In recent Events North Korean leader Kim Jong Un has launched an increasingly intrusive purge among North Korean military officials, even going so far as to reportedly have a high ranking general executed with a mortar round. The measures have acted to secure his leadership among senior army officials. Opponents of his leadership have been charged with drinking or sex scandals and executed during the official 100 day mourning period for Kim Jong Il, who died in December 2011.
A total of 14 officials have been purged, including Kim Chol, North Korea's vice-minister of the army, who was executed among several other high ranking military officials in January. This marks a strong deviation in politics and disappointment in the international community, as there had been hope that North Korea's human rights situation could be improved by new leadership.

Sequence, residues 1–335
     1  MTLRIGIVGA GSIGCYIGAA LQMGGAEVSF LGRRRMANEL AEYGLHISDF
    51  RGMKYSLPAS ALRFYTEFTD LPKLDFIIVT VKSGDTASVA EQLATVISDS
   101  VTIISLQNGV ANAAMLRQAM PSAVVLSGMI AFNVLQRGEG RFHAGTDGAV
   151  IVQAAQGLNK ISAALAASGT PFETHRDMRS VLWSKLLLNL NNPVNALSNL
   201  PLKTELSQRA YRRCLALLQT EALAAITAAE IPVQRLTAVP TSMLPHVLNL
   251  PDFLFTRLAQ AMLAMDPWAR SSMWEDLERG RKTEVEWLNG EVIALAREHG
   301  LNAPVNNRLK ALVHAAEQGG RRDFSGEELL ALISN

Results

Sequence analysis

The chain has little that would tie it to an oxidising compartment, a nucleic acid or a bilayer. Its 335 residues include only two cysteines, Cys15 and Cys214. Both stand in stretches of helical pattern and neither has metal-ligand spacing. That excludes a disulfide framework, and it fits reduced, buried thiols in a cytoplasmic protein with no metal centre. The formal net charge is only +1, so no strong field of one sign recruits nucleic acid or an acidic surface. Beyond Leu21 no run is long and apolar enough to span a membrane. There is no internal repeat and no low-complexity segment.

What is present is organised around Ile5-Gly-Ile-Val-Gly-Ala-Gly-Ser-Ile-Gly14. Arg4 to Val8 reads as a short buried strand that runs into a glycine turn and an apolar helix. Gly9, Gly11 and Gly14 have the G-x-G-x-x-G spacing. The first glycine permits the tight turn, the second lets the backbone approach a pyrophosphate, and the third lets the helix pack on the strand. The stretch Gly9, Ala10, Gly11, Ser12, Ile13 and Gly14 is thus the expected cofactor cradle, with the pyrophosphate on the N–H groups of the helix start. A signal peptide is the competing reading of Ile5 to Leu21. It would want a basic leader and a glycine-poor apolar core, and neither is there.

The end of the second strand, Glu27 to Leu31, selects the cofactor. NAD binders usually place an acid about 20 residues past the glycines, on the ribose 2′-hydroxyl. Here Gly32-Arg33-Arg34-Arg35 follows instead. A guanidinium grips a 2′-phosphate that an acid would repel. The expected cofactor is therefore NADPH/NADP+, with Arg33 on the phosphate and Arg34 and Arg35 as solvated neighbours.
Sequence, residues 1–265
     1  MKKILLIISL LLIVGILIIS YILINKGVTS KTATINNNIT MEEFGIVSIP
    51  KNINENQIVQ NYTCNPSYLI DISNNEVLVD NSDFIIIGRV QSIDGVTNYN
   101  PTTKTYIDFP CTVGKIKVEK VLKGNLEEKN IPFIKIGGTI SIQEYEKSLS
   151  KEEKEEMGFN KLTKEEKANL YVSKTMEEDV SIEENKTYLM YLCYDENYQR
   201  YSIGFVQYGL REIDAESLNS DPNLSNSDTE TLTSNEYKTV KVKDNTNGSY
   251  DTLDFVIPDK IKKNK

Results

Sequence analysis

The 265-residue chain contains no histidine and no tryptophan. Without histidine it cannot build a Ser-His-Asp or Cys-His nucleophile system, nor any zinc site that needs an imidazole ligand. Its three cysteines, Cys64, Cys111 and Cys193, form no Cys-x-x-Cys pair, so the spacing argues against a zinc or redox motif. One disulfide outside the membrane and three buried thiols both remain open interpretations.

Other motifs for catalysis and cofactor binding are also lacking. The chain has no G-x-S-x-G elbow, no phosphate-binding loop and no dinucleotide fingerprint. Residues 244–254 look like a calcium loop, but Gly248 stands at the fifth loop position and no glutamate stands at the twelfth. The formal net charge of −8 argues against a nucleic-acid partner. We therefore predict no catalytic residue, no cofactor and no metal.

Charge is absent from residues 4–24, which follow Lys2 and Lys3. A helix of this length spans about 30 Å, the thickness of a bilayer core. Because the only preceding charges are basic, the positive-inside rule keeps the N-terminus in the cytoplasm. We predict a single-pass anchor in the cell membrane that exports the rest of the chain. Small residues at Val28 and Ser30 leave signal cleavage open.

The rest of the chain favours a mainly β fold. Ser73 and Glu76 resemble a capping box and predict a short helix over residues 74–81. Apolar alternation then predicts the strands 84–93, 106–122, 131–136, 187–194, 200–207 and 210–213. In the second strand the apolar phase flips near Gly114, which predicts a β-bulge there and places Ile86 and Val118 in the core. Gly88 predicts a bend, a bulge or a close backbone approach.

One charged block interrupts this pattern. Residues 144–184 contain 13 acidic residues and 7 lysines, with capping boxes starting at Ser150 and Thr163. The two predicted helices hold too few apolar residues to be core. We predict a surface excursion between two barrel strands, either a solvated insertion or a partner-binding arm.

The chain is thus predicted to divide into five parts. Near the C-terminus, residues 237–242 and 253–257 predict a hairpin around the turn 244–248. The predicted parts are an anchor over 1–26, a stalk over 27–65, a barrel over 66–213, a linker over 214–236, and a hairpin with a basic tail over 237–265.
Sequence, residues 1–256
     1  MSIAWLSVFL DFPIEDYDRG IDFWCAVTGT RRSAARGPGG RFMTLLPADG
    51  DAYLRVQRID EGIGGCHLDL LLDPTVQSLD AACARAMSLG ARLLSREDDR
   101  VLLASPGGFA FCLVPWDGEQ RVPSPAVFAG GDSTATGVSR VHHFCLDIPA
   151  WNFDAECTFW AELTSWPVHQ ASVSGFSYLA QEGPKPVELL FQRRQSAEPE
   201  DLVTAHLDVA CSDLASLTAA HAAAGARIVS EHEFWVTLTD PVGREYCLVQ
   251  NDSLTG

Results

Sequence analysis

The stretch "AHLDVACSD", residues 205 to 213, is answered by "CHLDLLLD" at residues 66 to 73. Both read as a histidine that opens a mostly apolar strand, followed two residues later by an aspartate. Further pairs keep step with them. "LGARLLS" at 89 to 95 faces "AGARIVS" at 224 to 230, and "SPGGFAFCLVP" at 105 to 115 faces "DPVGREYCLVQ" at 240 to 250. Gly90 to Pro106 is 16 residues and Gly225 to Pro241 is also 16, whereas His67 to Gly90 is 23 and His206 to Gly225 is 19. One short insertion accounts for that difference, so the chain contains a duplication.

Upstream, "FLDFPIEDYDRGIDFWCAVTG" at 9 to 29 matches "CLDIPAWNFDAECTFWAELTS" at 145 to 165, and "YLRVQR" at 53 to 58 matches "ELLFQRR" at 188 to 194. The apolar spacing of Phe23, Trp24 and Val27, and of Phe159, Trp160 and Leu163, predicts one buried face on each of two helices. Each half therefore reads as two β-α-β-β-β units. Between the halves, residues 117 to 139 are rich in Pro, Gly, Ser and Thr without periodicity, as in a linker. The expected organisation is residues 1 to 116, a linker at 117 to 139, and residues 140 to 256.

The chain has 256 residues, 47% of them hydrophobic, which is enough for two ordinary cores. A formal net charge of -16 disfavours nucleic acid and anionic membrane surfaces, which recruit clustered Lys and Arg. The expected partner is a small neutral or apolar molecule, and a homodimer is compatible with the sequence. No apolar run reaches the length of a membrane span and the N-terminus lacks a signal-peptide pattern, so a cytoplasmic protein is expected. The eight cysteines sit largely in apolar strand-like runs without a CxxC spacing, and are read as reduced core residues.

It does not come as a surprise, however, as Kim Jong Un had launched a missile test during negotiations regarding food aid with the US government. Negotiations were further strained by Pyongyangs claim to have developed nuclear warheads capable of reaching US American soil.
The actions of the countrys leader certainly echo those of his father, who had enacted a similar policy to quell dissent, including public executions to intimidate citizens. Kim Jong Un had previously promised to improve conditions, by easing economic and social constrictions, but it is unclear whether any improvements have reached the general population. As New York Times interviewed several North Koreans in China, they claimed not to have noticed any improvements from the promised changes. In fact, life had gotten harder, due to rising food prices due to a drought and the international sanctions. Fuel, electricity and raw materials are also reported to be in shortage, strongly affecting the already underdeveloped industry.
As corruption runs rampant among North Korean elites, who control the limited trade with China, the situation for most is dire.